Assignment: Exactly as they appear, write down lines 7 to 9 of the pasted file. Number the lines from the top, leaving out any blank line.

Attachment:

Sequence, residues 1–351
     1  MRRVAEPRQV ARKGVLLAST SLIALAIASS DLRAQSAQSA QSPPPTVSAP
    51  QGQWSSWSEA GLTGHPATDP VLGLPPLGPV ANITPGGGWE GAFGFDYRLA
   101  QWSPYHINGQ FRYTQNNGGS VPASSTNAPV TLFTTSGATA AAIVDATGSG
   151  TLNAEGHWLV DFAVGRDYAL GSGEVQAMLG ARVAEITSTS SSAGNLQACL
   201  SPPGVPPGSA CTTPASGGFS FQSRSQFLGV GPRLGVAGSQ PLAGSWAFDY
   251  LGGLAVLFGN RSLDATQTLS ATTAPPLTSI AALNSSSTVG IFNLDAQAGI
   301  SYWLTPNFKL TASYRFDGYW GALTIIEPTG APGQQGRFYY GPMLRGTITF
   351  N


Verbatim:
   251  LGGLAVLFGN RSLDATQTLS ATTAPPLTSI AALNSSSTVG IFNLDAQAGI
   301  SYWLTPNFKL TASYRFDGYW GALTIIEPTG APGQQGRFYY GPMLRGTITF
   351  N